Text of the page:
As should be pretty intuitive, larger fields are correlated with more prolonged nomination processes in which both voters and party elites have a harder time reaching consensus. Below is a table comparing the number of candidates in each past cycle against the share of the overall popular vote the nominee eventually received. I’ve also included a more subjective measure of whether party elites were able to get their way. I consider the party to have decided — that is, for party elites to have gotten their preferred choice — if there was a clear front-runner in endorsements in advance of the Iowa caucuses and that candidate won the nomination. And I consider the elites to have failed if a factional candidate who lacked broad support from the party establishment won. Then there are in-between cases such as the 2008 Democratic primary, in which party elites didn’t necessarily get their first choice (or there wasn’t a clear first choice), but the candidate who emerged was broadly acceptable to multiple major factions of the party.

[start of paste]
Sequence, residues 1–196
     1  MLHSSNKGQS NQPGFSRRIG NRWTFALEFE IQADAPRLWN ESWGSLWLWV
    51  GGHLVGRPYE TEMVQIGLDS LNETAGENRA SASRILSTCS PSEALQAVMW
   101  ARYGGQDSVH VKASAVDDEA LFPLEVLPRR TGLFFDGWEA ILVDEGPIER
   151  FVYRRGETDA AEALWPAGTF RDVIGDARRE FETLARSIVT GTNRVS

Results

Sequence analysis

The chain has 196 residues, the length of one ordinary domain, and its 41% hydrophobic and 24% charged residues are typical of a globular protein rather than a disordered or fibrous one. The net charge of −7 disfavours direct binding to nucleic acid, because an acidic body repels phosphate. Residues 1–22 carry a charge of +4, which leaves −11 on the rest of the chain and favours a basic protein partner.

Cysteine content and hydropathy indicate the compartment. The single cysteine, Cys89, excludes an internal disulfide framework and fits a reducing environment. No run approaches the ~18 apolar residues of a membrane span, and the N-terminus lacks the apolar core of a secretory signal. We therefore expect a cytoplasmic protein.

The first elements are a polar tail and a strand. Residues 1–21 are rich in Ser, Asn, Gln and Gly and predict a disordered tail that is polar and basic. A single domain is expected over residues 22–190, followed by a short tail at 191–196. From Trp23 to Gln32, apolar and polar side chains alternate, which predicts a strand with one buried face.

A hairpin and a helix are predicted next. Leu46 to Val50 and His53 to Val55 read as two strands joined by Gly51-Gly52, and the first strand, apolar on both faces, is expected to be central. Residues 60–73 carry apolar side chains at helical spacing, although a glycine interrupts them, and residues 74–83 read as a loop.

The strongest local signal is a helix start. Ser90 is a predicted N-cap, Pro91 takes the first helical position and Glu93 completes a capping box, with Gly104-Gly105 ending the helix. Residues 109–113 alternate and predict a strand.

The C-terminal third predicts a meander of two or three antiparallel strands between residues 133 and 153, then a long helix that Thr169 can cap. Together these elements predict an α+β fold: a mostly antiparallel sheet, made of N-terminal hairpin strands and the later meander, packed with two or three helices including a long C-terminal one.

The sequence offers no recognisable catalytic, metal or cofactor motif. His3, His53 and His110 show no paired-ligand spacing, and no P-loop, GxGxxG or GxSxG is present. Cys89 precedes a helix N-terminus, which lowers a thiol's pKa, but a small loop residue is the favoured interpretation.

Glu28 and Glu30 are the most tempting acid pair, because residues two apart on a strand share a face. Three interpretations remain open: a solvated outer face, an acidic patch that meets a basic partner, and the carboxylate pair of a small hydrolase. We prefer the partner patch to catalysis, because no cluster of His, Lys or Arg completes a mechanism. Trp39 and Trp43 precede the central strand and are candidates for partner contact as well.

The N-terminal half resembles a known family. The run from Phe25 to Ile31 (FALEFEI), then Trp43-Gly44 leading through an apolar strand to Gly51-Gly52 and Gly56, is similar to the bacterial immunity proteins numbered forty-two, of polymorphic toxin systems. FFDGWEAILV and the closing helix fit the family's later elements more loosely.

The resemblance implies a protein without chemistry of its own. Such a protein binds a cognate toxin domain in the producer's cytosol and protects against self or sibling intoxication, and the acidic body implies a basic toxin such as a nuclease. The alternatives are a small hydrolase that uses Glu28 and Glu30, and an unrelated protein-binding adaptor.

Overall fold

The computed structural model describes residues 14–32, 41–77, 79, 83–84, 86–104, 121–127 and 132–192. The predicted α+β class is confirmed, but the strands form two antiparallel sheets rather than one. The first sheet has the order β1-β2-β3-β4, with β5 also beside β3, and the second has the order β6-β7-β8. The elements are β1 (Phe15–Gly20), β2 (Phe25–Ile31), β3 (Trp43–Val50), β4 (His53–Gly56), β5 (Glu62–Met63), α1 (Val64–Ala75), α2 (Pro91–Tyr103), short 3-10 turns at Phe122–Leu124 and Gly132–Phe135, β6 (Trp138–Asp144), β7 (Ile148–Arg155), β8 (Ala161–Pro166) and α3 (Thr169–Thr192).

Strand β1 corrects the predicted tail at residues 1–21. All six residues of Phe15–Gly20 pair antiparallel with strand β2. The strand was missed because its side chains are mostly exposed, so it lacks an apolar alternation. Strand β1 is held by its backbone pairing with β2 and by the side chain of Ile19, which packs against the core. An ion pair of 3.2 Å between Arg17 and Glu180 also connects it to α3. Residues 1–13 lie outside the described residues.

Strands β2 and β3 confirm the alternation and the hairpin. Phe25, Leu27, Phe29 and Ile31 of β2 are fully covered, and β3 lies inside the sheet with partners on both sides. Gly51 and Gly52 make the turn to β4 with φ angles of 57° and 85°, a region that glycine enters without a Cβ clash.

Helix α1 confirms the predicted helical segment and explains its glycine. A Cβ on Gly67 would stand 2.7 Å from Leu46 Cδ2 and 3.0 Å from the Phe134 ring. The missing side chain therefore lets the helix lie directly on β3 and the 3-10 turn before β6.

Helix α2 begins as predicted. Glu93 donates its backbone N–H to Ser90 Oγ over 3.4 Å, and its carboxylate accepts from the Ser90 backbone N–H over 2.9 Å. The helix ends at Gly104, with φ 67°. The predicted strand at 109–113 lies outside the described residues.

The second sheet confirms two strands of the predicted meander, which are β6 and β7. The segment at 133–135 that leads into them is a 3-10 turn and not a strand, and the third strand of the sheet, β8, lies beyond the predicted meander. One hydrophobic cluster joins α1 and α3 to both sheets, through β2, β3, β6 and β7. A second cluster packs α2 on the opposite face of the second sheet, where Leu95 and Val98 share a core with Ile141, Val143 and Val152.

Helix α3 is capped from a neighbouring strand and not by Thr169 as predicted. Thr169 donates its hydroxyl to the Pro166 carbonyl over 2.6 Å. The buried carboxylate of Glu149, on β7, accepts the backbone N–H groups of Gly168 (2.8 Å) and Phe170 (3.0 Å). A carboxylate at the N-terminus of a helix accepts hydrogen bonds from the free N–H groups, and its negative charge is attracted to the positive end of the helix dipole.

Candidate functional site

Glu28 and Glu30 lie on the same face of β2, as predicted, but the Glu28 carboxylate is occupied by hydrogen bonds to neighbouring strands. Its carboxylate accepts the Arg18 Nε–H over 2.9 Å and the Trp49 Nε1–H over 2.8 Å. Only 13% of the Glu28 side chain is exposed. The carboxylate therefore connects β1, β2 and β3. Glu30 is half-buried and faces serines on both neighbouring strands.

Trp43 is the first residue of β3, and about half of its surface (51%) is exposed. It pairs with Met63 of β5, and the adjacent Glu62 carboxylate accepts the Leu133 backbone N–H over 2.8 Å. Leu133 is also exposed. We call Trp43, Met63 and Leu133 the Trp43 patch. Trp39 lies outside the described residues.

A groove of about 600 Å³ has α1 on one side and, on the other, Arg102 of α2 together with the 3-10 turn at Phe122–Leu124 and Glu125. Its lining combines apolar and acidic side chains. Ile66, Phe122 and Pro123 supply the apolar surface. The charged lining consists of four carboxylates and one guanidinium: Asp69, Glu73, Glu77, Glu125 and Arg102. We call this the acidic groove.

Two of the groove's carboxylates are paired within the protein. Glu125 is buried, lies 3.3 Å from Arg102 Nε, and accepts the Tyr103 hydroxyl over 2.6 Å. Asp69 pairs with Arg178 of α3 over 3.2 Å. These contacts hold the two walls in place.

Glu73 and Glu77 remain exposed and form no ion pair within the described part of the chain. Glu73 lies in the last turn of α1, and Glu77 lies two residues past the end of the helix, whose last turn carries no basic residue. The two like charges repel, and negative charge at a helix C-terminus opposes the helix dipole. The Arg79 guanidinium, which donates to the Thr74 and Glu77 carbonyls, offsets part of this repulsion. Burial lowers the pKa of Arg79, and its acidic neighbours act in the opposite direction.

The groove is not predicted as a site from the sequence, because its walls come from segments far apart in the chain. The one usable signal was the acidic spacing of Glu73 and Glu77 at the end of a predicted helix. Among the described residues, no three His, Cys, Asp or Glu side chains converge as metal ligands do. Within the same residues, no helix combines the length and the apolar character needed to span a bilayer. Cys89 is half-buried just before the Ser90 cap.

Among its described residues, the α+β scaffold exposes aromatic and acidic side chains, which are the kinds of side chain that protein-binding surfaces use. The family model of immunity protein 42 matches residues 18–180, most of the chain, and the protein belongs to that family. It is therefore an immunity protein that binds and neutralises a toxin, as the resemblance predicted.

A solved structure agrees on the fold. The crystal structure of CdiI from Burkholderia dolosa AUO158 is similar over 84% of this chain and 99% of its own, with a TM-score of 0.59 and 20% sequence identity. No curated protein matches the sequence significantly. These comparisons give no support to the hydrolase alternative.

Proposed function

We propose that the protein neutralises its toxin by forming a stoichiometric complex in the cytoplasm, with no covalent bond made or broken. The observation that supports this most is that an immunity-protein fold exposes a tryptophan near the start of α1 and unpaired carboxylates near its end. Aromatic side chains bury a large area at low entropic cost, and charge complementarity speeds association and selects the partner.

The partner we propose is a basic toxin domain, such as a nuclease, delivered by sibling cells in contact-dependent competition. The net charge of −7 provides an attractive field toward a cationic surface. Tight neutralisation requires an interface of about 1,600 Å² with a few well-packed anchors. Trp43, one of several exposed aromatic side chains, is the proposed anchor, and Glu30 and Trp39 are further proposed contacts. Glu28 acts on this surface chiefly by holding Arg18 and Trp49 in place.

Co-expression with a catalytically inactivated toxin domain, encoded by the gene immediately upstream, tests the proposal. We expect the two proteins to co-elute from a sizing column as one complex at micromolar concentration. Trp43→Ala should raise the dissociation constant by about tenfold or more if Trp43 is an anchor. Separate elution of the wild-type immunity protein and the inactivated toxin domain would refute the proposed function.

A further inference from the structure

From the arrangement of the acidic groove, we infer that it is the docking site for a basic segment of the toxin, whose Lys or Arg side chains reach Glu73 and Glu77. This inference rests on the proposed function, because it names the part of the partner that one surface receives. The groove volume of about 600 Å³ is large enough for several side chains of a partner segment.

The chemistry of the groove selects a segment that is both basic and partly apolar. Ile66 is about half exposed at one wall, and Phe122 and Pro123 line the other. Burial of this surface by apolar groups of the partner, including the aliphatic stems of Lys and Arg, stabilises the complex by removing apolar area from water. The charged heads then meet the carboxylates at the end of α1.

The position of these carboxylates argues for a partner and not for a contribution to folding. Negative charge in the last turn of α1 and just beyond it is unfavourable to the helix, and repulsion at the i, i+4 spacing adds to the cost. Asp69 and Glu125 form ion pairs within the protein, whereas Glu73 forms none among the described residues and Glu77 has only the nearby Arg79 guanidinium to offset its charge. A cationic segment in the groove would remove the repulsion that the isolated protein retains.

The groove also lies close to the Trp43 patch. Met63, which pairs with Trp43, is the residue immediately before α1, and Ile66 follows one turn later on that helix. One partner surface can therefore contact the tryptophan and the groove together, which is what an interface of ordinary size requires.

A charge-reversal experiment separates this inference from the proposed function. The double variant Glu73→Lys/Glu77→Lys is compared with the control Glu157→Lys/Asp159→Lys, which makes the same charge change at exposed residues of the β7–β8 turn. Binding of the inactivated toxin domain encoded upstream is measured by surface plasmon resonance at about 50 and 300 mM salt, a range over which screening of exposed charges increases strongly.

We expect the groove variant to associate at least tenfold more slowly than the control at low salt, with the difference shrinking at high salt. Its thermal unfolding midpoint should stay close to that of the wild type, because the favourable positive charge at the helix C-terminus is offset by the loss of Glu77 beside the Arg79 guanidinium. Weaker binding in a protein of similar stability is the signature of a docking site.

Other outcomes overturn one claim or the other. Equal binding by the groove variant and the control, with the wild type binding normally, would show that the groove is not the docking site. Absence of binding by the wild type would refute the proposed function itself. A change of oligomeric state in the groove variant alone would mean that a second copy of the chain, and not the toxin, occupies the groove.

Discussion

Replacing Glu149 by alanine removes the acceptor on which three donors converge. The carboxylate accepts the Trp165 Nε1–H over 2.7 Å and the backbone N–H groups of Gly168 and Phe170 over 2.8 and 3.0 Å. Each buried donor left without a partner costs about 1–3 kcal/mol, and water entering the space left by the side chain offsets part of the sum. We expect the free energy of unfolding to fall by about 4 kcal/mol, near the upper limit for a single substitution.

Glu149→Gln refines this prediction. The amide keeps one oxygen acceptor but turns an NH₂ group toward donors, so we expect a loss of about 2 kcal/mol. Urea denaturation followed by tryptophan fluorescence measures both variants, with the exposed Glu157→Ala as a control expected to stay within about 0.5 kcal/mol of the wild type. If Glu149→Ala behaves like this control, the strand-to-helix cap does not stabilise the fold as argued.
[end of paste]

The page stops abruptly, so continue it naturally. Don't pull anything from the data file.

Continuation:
This table ought to worry establishment Democrats. The three past elections when the field was as large as its shaping up to be in 2020 all resulted in party elites failing to get their way. They also resulted in a nominee who failed to get 50 percent of the popular vote in the primaries, which could yield a contested convention since Democratic delegate allocation rules are highly proportional to the popular vote. In a field of 20 candidates, for instance, you’d project — extrapolating from the data above — that the eventual nominee would have either 32 percent or 40 percent of the popular vote, depending on whether you use a linear or logarithmic trendline. That could mean that the race is decided at the convention.